Almost one-third of Bangladesh’s population living in the disaster-prone coastal areas are directly or indirectly affected by devastating climate-impacts such as coastal floods, river-bank erosion, salinity, cyclones, etc.
But climate change doesn’t affect everyone equally. Especially in the villages located around the Sundarbans, mostly women bear the costs of adapting to climate change. Men are often out fishing in the river for several days or months and sometimes travel to distant places for labour jobs. Hence, homemaking, child-rearing, and elder-caring responsibilities fall to women in every family – always unpaid and usually underappreciated.
From cooking to cleaning, they have to do it all. Many of them work in the local shrimp or agro farms to share the family’s financial burden, earning a daily wage comparatively lower than their male counterparts. As they struggle with social inequality and gender disparity in every mark of their journey, their lives are seriously exposed to the cataclysmic impacts of climate change.
“28 years ago, I was married and taken into this household surrounded by shrimp farms in every corner. I gave birth to three daughters and a son,” shares Kohinoor Khatun, a resident from Chandnimukha, Gabura, Khulna.
“My husband would often take a job as a day laborer in different far-off places and leave me alone with our children for months. Besides looking after them, I had to work in local shrimp farms to support my husband. I would get exhausted, yet I could not complain. I would often get infected with vaginal infections and skin allergies from water salinity in local farms and ponds, but there was nothing I could do. “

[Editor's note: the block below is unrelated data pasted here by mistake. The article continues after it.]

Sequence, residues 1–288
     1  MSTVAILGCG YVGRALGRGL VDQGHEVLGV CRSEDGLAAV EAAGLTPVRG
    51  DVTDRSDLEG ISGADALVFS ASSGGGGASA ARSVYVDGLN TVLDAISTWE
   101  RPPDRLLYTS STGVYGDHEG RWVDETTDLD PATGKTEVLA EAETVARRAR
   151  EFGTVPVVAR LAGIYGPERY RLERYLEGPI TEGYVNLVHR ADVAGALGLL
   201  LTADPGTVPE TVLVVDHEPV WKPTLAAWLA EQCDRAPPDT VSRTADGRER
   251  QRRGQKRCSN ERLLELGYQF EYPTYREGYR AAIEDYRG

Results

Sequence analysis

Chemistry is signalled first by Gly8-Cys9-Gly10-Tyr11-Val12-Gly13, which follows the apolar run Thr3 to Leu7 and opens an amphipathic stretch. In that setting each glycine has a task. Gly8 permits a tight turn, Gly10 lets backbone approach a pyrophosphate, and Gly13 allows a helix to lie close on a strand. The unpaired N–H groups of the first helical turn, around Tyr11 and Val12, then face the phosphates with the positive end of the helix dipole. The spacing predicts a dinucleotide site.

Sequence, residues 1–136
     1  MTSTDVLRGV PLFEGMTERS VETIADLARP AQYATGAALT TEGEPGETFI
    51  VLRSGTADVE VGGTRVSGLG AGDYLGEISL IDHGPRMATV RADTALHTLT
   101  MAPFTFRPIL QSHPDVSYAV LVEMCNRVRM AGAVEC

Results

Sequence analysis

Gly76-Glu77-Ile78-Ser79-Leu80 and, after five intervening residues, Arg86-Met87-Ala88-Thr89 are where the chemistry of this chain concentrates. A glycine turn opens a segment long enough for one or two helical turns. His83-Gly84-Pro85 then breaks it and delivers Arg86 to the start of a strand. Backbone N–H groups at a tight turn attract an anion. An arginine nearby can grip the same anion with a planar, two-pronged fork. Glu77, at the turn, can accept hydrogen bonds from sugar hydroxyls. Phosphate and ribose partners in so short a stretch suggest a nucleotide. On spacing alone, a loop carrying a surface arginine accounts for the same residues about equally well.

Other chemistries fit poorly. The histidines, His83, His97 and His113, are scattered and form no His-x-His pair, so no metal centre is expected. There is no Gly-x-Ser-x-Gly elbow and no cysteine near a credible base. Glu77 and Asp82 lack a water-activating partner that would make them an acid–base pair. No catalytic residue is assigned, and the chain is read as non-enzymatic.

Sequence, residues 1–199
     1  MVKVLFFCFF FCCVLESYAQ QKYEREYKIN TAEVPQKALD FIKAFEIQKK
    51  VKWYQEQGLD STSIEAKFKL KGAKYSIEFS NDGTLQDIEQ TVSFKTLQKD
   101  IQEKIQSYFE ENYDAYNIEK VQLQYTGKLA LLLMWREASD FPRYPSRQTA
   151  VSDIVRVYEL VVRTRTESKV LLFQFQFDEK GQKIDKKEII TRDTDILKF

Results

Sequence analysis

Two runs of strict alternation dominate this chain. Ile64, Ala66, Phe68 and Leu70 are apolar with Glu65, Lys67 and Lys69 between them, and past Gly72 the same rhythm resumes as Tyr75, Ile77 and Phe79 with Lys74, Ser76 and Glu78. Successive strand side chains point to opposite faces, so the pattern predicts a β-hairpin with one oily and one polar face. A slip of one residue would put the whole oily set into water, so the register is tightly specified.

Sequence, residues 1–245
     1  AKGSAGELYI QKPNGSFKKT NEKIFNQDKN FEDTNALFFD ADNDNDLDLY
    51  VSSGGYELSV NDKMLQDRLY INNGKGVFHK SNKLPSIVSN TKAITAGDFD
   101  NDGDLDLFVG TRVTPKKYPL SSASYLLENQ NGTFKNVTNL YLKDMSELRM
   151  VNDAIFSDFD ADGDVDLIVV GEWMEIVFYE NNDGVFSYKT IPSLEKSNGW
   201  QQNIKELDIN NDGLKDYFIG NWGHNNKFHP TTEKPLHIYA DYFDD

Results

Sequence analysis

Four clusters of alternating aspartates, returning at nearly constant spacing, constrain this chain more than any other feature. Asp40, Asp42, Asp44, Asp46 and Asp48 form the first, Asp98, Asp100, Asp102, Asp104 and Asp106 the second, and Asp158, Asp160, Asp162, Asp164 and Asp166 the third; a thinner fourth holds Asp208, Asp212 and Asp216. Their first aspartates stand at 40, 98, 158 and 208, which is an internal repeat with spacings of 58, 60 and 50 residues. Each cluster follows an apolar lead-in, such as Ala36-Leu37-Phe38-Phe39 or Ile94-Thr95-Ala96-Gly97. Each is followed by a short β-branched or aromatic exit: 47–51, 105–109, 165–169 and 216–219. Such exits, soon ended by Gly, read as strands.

“I had to ensure our children’s wellbeing; do all the household chores, including collecting water to cook, clean, and drink from faraway sources; and work outside, all at the same time. Many evenings, I would take my children and request our relatives or neighbors for overnight shelter, as I felt unprotected and scared.”
“On top of that, given our geographical location, I have experienced many natural catastrophes and had to find my means to survive along with my children. From running to the nearest cyclone centers to reaching out to the local relief campaigns and crying out for help – I have done it all, and I still do.”
Still? Hasn’t the situation changed? “No”, she says. Now she lives with two of her daughters and grandchildren, while her husband, both sons-in-law, and only young son work in separate cities as day laborers for most of the year.
“Sadly, many women in our area have been living that way till now. Even my daughters are living a similar kind of life that once kept me occupied,” she continues.
“Both my daughters gave birth to their children going back and forth to the cyclone centers, one during Cyclone Bulbul and another during Cyclone Amphan. I still travel 2km every day to the nearest pond to fetch drinking water. We still use the contaminated saline water for bathing and cleaning from the backyard pond of our house. We do not even have proper sanitation and hygiene facilities in our area. We can hardly manage and have to fight for our survival.”
Kohinoor does not blame the males in the family. She believes as this is their home, they had no other option but to adapt to the long, ongoing climate situation and its effects on the area. “To cope with constant climate changes affecting our living conditions and livelihood- we have to sacrifice our physical and mental stability. As we cannot move elsewhere or give up, we battle with our own limitations. This is our resilience against climate impacts and poverty.”